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Timothy Krall Reviews Cinxin Liu's "Sea of Dreams"

The graphic novel Sea of Dreams by Cixin Liu, one of China’s most celebrated science-fiction writers, is a remarkably quick read for a story that is looking to answer thought-provoking questions. Mainly, Sea of Dreams asks the reader to consider the meaning of art by providing a tale that boils down to an extreme cost-benefit analysis.

Set in China (and originally published in Chinese and translated here by Magnus), the story opens at a local ice sculpture festival and focuses on the abstract work of sculptor Yan Dong, the story’s protagonist. The festival is then visited by an alien who identifies themselves as a “Low-Temperature Artist.” This serves as the only identification the reader gets of the alien throughout the narrative. The Low-Temperature Artist came to participate in the ice sculpture festival and identifies Yan Dong as their only colleague among the many sculptors who have created something for the event. They decide to create a sculpture that will require all of the water in Earth’s oceans to make.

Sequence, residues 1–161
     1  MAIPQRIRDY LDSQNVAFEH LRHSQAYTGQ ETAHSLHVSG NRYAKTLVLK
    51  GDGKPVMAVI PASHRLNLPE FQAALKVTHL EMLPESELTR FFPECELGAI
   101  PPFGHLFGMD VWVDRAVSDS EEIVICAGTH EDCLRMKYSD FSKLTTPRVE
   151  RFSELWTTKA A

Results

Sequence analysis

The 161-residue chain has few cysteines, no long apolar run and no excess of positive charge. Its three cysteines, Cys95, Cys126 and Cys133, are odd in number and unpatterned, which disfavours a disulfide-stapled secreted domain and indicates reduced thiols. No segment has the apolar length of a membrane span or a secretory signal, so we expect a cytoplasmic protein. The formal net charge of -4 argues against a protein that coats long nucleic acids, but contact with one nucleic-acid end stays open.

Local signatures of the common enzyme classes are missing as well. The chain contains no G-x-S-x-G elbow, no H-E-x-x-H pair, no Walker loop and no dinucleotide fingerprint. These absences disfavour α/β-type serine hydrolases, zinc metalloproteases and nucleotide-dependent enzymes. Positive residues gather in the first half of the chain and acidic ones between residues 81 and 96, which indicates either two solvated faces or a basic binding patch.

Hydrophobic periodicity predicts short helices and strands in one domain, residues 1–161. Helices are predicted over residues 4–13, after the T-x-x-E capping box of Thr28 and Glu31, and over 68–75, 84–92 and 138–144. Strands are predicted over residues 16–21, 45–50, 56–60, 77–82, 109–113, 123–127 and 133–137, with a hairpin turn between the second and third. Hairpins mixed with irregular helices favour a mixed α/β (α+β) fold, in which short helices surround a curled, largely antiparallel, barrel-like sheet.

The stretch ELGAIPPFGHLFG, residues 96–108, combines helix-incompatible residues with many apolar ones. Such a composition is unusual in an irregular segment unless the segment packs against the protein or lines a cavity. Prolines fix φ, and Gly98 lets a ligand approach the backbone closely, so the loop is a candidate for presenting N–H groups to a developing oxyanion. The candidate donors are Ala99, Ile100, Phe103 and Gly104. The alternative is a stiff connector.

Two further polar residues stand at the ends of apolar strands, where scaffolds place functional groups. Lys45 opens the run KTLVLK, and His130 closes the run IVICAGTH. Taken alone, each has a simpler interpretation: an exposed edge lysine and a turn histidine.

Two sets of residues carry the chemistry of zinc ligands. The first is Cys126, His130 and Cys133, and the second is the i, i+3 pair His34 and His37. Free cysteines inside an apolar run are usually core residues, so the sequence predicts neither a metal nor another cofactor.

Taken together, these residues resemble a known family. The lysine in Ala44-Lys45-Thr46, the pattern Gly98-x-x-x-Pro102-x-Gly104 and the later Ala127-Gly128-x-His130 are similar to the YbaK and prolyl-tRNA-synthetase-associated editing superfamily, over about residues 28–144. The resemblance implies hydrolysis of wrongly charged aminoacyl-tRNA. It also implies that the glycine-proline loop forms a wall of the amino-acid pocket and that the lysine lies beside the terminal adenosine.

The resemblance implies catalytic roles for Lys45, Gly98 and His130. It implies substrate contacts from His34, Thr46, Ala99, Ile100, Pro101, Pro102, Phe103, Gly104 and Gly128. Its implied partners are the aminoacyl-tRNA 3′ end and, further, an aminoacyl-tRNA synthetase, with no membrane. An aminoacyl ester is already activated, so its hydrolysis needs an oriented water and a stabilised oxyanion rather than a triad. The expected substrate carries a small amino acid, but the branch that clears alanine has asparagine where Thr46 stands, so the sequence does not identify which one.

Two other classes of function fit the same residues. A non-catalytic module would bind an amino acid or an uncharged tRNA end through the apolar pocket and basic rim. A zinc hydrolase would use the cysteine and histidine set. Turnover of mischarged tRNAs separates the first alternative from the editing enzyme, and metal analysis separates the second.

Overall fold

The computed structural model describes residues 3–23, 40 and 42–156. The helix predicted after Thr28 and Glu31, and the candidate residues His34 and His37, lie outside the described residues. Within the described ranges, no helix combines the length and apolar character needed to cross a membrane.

The story presents a compelling debate on the value of art by framing it as a fight for survival. The humans on Earth are forced to choose whether to destroy the alien’s art and live, or keep it and go extinct. The conversations between Yan Dong and the Low-Temperature Artist provide the most tension and dynamic motion in the story. However, there is a lack of character and relationship development that may frustrate some readers, as well as some quick shifts in time that aren’t necessarily obvious. The ability to read this story in one sitting is able to mask some of these flaws, because by the time readers might notice them, they’ve already finished the graphic novel.

Everything in this story is enhanced through the marvelous illustrations by Jok. His ability to bring the Low-Temperature Artist to life makes the story feel very realistic despite the extra-terrestrial element. Combine the illustrations with Liu’s dynamic narrative, and Sea of Dreams becomes the perfect quick read for graphic novel fans and avid readers alike.

Sea of Dreams

By Cinxin Liu, translated by Magnus

Talos Press


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